This is definitely a recording that will sharpen your ears and whet your appetite. The programme of Handel, Telemann and Keiser is shaped with a sense of having something to say. The accompanying booklet doesn't say much about the music but, the anonymous letter from 1708 which tells much about Hamburg as a blossoming city of music at that time.
The playing is one to a part, and if that sounds like a terrible anaemic soundscape, think one more time. RaumKlang has done excellent work in recording these gems. The sound is crisp and full without making the instruments sound unnaturally close. Telemann's Overture "L'Omphale" in e minor has an impressive air of tragedy to it's scoring with strings, BC, recorder and oboes. I'd also like to single out Handel's Sinfonia in B flat major. I've never heard this played so well. The tempo is breathtakingly fast, but the attention to detail is also quite fantastic - Listen to it and you sure will see that the anonymous early 18th century author of the letter in the booklet was right in claiming a bright future for Handel even though he had just heard a few pieces of him.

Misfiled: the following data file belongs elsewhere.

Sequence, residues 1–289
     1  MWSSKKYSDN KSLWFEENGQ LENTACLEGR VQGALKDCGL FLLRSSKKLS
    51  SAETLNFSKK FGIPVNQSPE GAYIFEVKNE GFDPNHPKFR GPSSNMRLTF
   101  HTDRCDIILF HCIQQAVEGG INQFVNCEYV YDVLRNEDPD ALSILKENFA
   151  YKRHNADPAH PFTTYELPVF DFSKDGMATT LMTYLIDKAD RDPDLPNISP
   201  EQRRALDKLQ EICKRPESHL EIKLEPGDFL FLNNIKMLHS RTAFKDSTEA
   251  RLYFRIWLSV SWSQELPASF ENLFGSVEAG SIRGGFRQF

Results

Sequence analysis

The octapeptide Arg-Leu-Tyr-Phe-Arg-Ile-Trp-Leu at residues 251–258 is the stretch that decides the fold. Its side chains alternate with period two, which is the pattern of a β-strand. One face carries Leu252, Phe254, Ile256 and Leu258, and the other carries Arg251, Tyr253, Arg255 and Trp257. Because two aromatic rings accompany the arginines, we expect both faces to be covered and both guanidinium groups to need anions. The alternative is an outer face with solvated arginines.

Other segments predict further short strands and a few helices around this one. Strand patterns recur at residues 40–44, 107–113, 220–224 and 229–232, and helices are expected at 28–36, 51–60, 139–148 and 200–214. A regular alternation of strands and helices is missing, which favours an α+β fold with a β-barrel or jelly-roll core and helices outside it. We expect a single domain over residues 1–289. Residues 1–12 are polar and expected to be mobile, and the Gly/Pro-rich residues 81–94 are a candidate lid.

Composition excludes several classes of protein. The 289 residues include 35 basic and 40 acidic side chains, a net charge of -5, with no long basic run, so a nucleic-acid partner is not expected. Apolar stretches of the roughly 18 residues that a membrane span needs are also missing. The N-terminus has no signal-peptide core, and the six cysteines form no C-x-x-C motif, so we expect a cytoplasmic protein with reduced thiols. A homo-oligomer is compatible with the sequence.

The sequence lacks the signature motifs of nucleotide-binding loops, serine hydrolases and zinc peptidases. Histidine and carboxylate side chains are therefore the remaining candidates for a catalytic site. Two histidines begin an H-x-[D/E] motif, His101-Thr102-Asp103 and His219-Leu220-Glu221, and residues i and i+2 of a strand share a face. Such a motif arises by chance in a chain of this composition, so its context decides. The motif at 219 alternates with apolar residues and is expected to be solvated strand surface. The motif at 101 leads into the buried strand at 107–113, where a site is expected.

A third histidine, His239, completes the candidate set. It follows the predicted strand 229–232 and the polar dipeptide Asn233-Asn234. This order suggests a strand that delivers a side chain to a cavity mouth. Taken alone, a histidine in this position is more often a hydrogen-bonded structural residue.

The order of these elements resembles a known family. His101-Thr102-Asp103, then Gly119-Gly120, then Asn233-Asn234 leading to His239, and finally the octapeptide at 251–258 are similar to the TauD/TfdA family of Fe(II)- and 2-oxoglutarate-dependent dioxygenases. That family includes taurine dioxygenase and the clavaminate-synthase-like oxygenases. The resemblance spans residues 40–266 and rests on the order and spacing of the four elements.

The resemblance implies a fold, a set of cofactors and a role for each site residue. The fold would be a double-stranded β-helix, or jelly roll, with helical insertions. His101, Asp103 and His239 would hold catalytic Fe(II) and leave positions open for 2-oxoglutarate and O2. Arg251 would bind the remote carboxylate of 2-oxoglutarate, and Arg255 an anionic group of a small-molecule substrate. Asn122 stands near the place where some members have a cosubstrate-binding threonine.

Reinhard Keiser's Overture is also impressive and full of wit and élan. The percussions and winds are very colourfull and the mighty chaconne adds well to the tragic mood to what Telemann opened this CD with.
The Korean soprano Yeree Suh is also an exceptionally musician. My one criticism of this CD is that I'd like to hear more of her. She sings with a rare intelligence and taste. Her embellishments are sober, yet they seem to do more to the music than I noticed at the first hearing, and a cantata or some more arias would be welcome from her on this disc. This is a truly unique CD, and if it is true that you can't buy yourself love, you can at least buy yourself bliss and happiness with this marvellous music.